The days may be numbered for the Calaveras Visitors Center in downtown Angels Camp.
The Calaveras Visitors Bureau, whose office is in the Visitors Center on South Main Street, faces the end of its lease in October. If the bureau chooses to stay, it may face a monthly bill of more than $2,000 from its landlord, the City of Angels Camp.
It is a price bureau officials say they cannot afford.
“The board needs to determine if operating a visitors center, at an increased cost, fits the overall future of the CVB,” said Darrell Slocum, bureau president. “It appears likely the Calaveras Visitors Bureau will be relocating prior to Oct. 1 as a result of a significant increase in cost from the City of Angels.”
That cost increase would come if the city follows through in asking for $2,000 in rent plus janitorial and supply costs when a 10-year lease, now granting the Visitors Bureau the space as an in-kind contribution, ends.
Tourism officials estimate paying these costs would increase the bureau’s annual operating expenses from $35,000 to $85,000.
The city has not made its demand for rent official, noted Mayor Jack Lynch, but it is one of many options that will be considered to close an estimated $1 million city budget shortfall. Budget meetings will take place after the city finishes ongoing labor negotiations with its employees.
A substantial number of department heads have been terminated or retired without being replaced, including the police and fire chiefs, Lynch said.
Funding for community involvement endeavors like the Angels Camp Business Association, the Angels branch library and the Visitors Bureau are among many items the city will have to explore in making further cuts, he said.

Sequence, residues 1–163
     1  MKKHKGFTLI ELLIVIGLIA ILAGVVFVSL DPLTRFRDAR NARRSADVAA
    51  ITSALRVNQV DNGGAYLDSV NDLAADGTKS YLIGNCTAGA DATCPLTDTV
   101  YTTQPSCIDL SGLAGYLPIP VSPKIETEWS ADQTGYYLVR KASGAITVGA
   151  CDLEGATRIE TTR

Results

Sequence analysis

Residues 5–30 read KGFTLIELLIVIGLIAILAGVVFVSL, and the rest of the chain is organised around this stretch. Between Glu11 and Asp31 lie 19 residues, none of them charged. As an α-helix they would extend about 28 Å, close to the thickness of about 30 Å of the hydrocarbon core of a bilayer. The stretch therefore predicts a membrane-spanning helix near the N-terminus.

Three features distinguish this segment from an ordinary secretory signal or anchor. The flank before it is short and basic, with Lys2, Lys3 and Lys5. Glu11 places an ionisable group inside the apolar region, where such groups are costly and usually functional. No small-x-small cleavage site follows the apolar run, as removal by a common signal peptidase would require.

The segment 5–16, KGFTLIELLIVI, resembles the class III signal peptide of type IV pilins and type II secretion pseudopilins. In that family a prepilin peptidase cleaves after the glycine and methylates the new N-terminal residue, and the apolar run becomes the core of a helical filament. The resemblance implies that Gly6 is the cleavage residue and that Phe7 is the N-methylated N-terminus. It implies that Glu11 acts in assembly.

“We have to close that gap that we have. Things that have been normal and routine in the past have to considered,” the mayor said. “The Visitors Center doesn’t want to be affected and neither does anybody else. We feel so badly about it because tourism is so important to creating employment and revenue activities. We applaud them for all their activities. We just love them.”
The CVB contends that the “Agreement for Promotion of Tourism” signed by the city in 2003 secures both funding for the visitors bureau and the rent-free use of the visitors center.
“The CVB will not pursue any legal action at this time. However, the option remains open especially if our designated share of the TOT (transient occupancy tax) comes into question,” Slocum said.
The Visitors Bureau helped campaign for a successful 2003 county ballot measure that enacted a 4 percentage-point increase in the TOT, charged to hotel and motel visitors in the city. Under the measure’s terms, one-third of the increased tax revenues goes to the Visitors Bureau.
If the CVB indeed moves its offices in the fall, a new location “remains to be determined,” said Office Manager Ginger Malatesta. “We’re entertaining ideas at this point.”
Slocum adds that “some of our very supportive members have suggested several locations, in various areas of the county, and we are appreciative of the support. It’s nice to have options, however, moving is very disruptive and our preference would be to stay at our current location.”
A visitors center might not be a part of the CVB’s efforts if it moves.
“While the Visitors Center is a very visible component of the CVB’s operation, the reality is that it is just one small part of what we do. The primary charter of the CVB is to market Calaveras County outside our area,” Slocum said. “The board needs to determine if operating a visitors center, at an increased cost, fits the overall future of the CVB.”
Tourism officials suggest the city may be cutting off its nose to spite its face in looking to close its budget gap by charging the CVB rent.
“The Calaveras Visitors Bureau has seen 13,000-plus visitors in 2008 and 2009,” Malatesta said. “To date, we’ve seen over 9,000 visitors this year so we’re on track to increase our traffic this year.”
In addition, the CVB has received “feedback from downtown-area businesses regarding the favorable impact that traffic has on their business” and has actively showcased Angels Camp as a tourist destination, Slocum said.
If the Visitors Center closes its doors, the Highway 49 rest stop it operates, a Caltrans requirement, will not close with it but instead become a responsibility of the city to maintain, Lynch said.